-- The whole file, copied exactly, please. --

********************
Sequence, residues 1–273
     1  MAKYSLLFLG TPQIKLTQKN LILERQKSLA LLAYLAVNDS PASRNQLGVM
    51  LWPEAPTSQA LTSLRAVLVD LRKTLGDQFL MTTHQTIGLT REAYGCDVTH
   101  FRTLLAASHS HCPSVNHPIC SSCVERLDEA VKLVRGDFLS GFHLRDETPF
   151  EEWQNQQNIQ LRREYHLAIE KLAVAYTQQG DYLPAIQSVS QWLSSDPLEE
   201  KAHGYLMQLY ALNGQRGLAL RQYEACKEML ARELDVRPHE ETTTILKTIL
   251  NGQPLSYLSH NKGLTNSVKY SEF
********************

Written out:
Sequence, residues 1–273
     1  MAKYSLLFLG TPQIKLTQKN LILERQKSLA LLAYLAVNDS PASRNQLGVM
    51  LWPEAPTSQA LTSLRAVLVD LRKTLGDQFL MTTHQTIGLT REAYGCDVTH
   101  FRTLLAASHS HCPSVNHPIC SSCVERLDEA VKLVRGDFLS GFHLRDETPF
   151  EEWQNQQNIQ LRREYHLAIE KLAVAYTQQG DYLPAIQSVS QWLSSDPLEE
   201  KAHGYLMQLY ALNGQRGLAL RQYEACKEML ARELDVRPHE ETTTILKTIL
   251  NGQPLSYLSH NKGLTNSVKY SEF